In 2010, Zambian police recorded 8,673 cases of gender violence. Yet according to the 2007 Zambian Demographic and Health Survey, 47 percent of women have experienced physical violence in their lifetime and 33 percent in the previous year. Some quick maths. There are six million women in Zambia. So assuming not much has changed since 2007, two million would have experienced violence in 2010: 230 times more than the number reported to the police. The factor of over 200 rings a bell.
We have just put out a press release in South Africa calling on the government to conduct a nationwide gender violence prevalence and attitude survey, after the September 2011 South African Police Services (SAPS) report put the sexual assault rate in the South African province of Gauteng at 0.03 percent compared to the 7.8 percent rate that we found in a survey that involved administering an in-depth questionnaire to a representative sample of the population. That figure is 260 times higher than what was reported to the police. Clearly, police statistics across Southern Africa are not telling the true story.
I refresh my memory on the 2010 Gauteng research: half of all the women surveyed said that they had experienced violence of some kind during their lifetime (uncannily similar to the Zambian health survey) and 18 percent over the last year.
Later in the day at the Lusaka seminar, in front of over one hundred representatives of embassies, government ministries, law enforcement agencies and activists, Superintendent Tresford Kasale brings these kinds of numbers to life with his folder of gruesome images from the Victim Support Unit where he works. A prize winner at the annual Gender Links Gender Justice and Local Government Summit, he is a member of the Men's Forum - one of many male champions emerging in the fight against gender violence.
But it is the riveting first-hand account by Sophia Mwale, who speaks through an interpreter in Nyanja, that holds the most attention. After her first husband died in 2004 leaving her widowed with five children, she remarried a Mr Mwale who started beating her within two months of their union. Her graphic memory of dates and actions is like a living diary of the holocaust.
She relives the horror of itchy plants spread around her bed and being locked up without hot water to wash off the effects. She fights back tears as she remembers her clothes being burned with acid. She is understandably cynical about the six-month prison sentence he never served. She lives in fear that Mwale will find her at the shelter where she is taking refuge.
One of the reasons we argue for comprehensive indicators on gender violence is that the costs of such experiences do not feature in any data base. I find myself wondering what this is costing Sophia Mwale - in hospital fees; days spent away from work; the opportunity cost of not being able to better her life and that of her children while she lives as a virtual refugee in her own country. I remember that emotional violence features as the largest single category of violence in our survey, yet there is no such category in police statistics.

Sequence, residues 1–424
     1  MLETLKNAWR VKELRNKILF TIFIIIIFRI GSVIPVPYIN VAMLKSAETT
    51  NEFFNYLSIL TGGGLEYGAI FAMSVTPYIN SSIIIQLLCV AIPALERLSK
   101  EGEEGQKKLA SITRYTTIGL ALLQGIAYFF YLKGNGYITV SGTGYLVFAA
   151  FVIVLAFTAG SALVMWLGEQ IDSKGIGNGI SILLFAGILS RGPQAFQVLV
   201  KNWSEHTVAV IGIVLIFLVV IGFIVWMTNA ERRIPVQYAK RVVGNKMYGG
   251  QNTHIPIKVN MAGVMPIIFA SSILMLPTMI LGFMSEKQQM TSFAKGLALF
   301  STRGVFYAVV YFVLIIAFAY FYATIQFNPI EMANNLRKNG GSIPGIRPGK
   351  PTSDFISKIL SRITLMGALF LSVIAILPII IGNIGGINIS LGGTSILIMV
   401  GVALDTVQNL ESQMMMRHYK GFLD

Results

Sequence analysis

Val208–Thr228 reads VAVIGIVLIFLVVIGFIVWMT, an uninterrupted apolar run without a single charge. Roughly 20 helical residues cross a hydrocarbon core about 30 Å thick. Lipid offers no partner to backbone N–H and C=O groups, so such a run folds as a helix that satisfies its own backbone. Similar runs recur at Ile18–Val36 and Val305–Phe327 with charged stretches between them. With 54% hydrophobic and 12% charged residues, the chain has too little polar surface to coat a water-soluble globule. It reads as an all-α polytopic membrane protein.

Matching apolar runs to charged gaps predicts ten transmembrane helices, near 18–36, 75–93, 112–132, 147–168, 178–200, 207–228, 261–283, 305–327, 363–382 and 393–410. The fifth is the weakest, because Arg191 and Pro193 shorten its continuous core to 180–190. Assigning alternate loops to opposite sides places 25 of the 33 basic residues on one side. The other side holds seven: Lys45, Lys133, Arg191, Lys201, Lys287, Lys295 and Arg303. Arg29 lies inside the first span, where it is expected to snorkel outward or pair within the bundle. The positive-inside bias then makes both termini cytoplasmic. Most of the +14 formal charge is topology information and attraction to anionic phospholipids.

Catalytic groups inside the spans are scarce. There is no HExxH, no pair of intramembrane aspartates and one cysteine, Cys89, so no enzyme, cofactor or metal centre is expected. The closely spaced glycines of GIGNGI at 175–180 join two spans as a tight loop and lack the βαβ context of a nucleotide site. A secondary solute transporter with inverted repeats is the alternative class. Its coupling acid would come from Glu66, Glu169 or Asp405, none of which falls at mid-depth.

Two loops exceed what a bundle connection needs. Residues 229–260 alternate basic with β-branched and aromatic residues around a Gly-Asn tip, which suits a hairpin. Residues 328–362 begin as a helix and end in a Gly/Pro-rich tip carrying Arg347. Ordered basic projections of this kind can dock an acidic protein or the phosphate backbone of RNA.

There are light moments, though. Keynote speaker and Sonke Gender Justice's Mbuyiselo Botha from South Africa has the audience in stitches when he observes that the only distinction between a man and a woman is the former's erect penis, yet for men his age even that is not a given! Seriously, he says, the problem in our society is that most men do not talk openly about the things they really feel. They are scared: of losing power, and of empowered women.
I think back to the findings of the opinion section of our Gauteng survey, that shows women increasingly aware of their rights; men starting to say the right things, but then contradicting themselves. So according to our study, titled 'The War at Home', 88 percent of the men surveyed agree that women and men are equal, but 86 percent men believe that women should obey their husbands.
At lunch, our Zambian field officer Faides Nsofu and I have an animated discussion with the director of the Zambia Gender in Development Division Christine Kalamwina on our ten Centres of Excellence for Gender Mainstreaming in local government (100 across the region) that we want to cascade to all the 74 councils of Zambia. We agree that the only way we will ever achieve gender equality is to work community by community. We want to prove this through conducting baseline surveys of gender violence in each locality, and then repeating these studies every five years.
Throughout the day I monitor a barrage of emails on my newfound blackberry from our offices across ten countries - marches being planned; technology being sorted for the daily lunch time cyber dialogues that we run during the Sixteen Days; bank accounts opened; transfers made; speakers found; donors met: the list is endless.
At the seminar, one of the panellists, Bishop Paul Mususu reads out an edited rendition of Amos 5:21-24 that helps to put things in perspective: 'I can't stand your meetings; I'm fed up with your conferences and conventions. I want nothing to do with your pretentious slogans and goals. I'm sick of your fundraising schemes, your public relations and image making. Do you know what I want? I want justice - oceans of it. I want fairness - rivers of it. That's what I want. That's all I want.' Amen!
* Colleen Lowe Morna is CEO of Gender Links. This article is part of the GL Opinion and Commentary Service that offers fresh views on every day news.
By: Colleen Lowe Morna, GenderLinks